The Austrian-Czech composer and renowned conductor Gustav Mahler (1860–1911) expressed himself only in the media of symphony and song, maintaining a close and complex interrelationship between the two. In both genres he is today regarded as one of the greatest composers and musical visionaries of his day. Mahler wrote the songs grouped together in the free cycle entitled Five Songs on Poems by Friedrich Rückert for voice and piano in the years 1901 and 1902. More or less concurrently he set about writing the musical settings for another five of Rückert’s poems, which resulted in the cycle Kindertotenlieder (Songs on the Death of Children). Mahler’s enchantment with Rückert’s verse thus gave rise to two of the most exquisite song cycles in existence.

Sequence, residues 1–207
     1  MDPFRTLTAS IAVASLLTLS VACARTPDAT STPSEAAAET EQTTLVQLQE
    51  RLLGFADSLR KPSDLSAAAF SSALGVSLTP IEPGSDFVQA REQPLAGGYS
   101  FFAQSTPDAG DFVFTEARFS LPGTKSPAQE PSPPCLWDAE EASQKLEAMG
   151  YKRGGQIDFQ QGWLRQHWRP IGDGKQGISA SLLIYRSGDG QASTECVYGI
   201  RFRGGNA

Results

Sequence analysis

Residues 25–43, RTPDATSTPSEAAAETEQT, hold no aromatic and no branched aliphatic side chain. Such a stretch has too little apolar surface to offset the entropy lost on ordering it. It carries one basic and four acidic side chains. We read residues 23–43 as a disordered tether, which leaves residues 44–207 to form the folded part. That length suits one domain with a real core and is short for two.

Austrian composer and superb organist Anton Bruckner (1824–1896), who in 2024 shares his landmark anniversary with Bedřich Smetana, entered the musical history books chiefly as the author of a weighty collection of symphonies, of which the last (twelfth) remained as a fragment. He was continually reworking his symphonies, and hence they also exist in various versions. Towards the end of his life he even revised his entire set of symphonies virtually at the same time, as if, for him, they represented one, single oeuvre. Bruckner worked on his Symphony No. 7 in E major for two years (1881–1883) and it was first performed by the Gewandhaus Orchestra in Leipzig on 30 December 1884, conducted by Arthur Nikisch. The work’s premiere was, in fact, the 60-year-old composer’s first true success; his previous symphonies received negative reviews, or they were not performed at all. The premiere was followed by performances in Munich, Cologne, Hamburg and Graz, and only then in Vienna, the city which thus finally repaid its debt to him after long years of disfavour and hostility towards his music, which was strongly influenced by Richard Wagner.